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What is it about the Rom (Gypsy) peoples that fascinates me so fully? They are absolutely unleashed in their passions. Sex, grief, play, anger: all are fully felt. They have nothing like our quasi-Puritan, North American restraint, nor a Northern California totally tubular mellow. Whatever the Rom feel, they feel with body and soul--and express with voice, violins, dancing feet, guitar and accordion.
Take Gadjo Dilo. One of my first misgivings was going to be that it would be overacted. With the first wailings and carryings on, my United Stateser's mind went into a sort of uncomfortable retreat (and a simultaneous fascination). But the film saves itself from overacting by not letting up in the slightest: the heavy-handed emotion reigns the entire movie and never flags nor tires. Had any character backed off for an instant, then I'd have seen the entire thing as a big acting mess. But since the passion is seamlessly overblown from start to finish, I can only see these emotional hurricanes as the natural state of being for the Rom people. It is not acting: it's hard-wired.
So hot and infectious was the passion of the heroine, Sabina, that the missus nearly jumped my bones during the love scene halfway through the flick. Her romance with Stephane will remain, I am sure, among my favorite on-screen love affairs; and their tryst is my top, number one favorite movie love scene. Hot!
From Tony Gatlif, the maker of Latcho Drom (that film, a beautiful catalog of Gypsy music from all over Europe and Asia), Gadjo Dilo (Crazy Stranger) tracks a young Frenchman, Stephane, in search of a singer named Nora. His father had loved her voice, and now he is trying to find her. He has a tape recorder with him to sample some of her voice when he does manage to track her down. But it's hard going in Northeastern Europe. It's cold and he doesn't speak the language.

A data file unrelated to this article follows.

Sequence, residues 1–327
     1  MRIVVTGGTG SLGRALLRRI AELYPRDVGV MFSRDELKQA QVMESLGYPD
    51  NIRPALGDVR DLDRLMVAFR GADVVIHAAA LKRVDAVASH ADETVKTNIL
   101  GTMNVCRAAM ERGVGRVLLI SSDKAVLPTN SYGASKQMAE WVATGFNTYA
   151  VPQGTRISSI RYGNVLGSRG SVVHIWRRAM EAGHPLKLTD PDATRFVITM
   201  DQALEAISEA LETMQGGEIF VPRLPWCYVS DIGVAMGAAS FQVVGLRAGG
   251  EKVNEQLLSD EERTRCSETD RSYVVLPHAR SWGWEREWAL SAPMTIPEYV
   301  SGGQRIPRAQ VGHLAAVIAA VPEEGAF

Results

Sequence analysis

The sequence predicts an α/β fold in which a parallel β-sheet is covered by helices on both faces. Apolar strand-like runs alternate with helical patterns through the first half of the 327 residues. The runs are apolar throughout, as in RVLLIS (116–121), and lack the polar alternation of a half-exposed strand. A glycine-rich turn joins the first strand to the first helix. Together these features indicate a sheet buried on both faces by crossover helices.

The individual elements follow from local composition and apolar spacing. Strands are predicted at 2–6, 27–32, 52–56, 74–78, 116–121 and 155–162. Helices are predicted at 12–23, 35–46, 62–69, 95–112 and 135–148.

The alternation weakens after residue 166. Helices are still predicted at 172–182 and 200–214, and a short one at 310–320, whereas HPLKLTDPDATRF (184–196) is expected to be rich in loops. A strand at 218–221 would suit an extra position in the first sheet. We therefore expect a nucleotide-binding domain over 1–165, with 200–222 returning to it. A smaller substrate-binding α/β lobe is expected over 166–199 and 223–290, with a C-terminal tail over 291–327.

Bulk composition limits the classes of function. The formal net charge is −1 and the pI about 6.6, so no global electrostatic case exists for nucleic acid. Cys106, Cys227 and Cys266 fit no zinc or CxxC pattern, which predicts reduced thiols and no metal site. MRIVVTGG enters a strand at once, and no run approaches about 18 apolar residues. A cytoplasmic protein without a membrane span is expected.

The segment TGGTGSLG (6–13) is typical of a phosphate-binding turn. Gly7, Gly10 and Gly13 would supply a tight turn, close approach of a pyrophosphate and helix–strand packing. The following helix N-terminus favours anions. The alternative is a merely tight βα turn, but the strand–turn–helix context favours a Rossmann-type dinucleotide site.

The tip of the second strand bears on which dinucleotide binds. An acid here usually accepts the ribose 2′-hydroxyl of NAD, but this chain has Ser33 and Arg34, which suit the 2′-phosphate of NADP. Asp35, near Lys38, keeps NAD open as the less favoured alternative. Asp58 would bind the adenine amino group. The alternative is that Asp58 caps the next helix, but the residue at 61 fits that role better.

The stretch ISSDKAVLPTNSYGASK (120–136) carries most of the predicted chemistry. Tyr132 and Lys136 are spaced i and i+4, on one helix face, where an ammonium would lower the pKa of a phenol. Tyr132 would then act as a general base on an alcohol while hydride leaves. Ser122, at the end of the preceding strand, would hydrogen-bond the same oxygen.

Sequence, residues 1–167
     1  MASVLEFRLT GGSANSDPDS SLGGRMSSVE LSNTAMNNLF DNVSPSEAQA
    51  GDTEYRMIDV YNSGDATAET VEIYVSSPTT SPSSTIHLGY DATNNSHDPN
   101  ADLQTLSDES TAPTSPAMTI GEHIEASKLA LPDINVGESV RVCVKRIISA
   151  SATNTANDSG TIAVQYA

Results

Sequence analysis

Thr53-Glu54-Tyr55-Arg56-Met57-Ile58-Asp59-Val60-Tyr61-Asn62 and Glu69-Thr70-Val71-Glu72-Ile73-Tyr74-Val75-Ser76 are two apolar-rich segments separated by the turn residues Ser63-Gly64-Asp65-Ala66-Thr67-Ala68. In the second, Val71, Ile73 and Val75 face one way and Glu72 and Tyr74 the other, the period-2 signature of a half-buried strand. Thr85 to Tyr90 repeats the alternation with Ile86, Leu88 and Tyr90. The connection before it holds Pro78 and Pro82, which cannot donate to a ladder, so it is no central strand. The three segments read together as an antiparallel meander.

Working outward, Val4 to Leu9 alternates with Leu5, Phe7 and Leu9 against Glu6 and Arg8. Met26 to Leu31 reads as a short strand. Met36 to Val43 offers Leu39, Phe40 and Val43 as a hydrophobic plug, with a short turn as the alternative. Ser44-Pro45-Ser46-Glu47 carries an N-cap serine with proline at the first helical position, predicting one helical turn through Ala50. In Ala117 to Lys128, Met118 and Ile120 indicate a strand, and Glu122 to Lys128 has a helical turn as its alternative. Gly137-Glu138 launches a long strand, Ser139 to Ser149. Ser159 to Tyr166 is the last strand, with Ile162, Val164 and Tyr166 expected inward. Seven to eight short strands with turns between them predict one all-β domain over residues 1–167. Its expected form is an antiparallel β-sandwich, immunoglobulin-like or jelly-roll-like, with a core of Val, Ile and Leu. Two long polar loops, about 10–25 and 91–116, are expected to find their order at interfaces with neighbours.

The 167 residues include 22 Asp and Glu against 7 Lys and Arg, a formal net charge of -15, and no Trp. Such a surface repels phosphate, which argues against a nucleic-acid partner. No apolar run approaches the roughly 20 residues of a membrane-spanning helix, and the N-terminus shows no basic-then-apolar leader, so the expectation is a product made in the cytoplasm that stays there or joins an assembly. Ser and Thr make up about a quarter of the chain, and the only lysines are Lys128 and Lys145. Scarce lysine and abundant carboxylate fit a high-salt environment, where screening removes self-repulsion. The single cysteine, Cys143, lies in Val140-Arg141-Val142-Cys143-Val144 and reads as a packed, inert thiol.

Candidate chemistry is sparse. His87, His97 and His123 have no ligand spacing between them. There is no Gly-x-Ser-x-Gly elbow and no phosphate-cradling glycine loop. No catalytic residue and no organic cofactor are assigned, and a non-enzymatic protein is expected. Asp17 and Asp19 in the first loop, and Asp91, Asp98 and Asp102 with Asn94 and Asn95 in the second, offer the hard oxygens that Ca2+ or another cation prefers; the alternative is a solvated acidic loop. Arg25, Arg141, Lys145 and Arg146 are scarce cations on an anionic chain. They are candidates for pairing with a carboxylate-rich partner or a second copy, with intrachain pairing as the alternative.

Eventually, he makes it to a small Rom village where an old gypsy man, Izadore, befriends him. The old man is thrilled to have found a young friend, and begins drinking. He shares his bottle with Stephane and doesn't take "no, thanks" for an answer. Soon, they are both crazily drunk and laughing uncontrollably.
In the morning, the village finds the hung-over Frenchman in Izadore's bed, and everyone flies into a panic over the "Gadjo Dilo." When the old man returns, he lectures everyone that Stephane is "his Frenchman," and that he is there to learn the language.
Stephane keeps insisting that he wants to meet Nora, and Izadore keeps vaguely promising that he will. The villagers accept the Gadjo Dilo as an amiable alien and set out to teach him their ways and words. Gradually, a love interest blossoms with the seductive Sabina. Stephane witnesses a funeral, and later, a violent attack on the village by enraged neighbors.
This springs from a subplot about Izadore's son being released from prison. But like an erupting emotion, this subplot comes to the foreground soon enough. However, rather than go much farther into the story, I'd beseech you to rent it for yourself. It's much easier to follow than to describe. Capturing the emotional and human scope of this work is far beyond my capacity as a mere reviewer. The people in the movie are truly beautiful, and the music is too. If you like the music, Latcho Drom is a must-hear as well. And I'd also recommend Mondo, Gatlif's "middle movie," sight unseen.
Have you seen Mondo? What did you think?
In my review of Spalding Gray's work, I misspelled his name like the
ball company. There is no "U" in Mr. Gray's first name. I regret
the error and apologize for any inconvenience my oversight may have caused.
©1999 by Randy Shandis Enterprises. All rights happily reserved.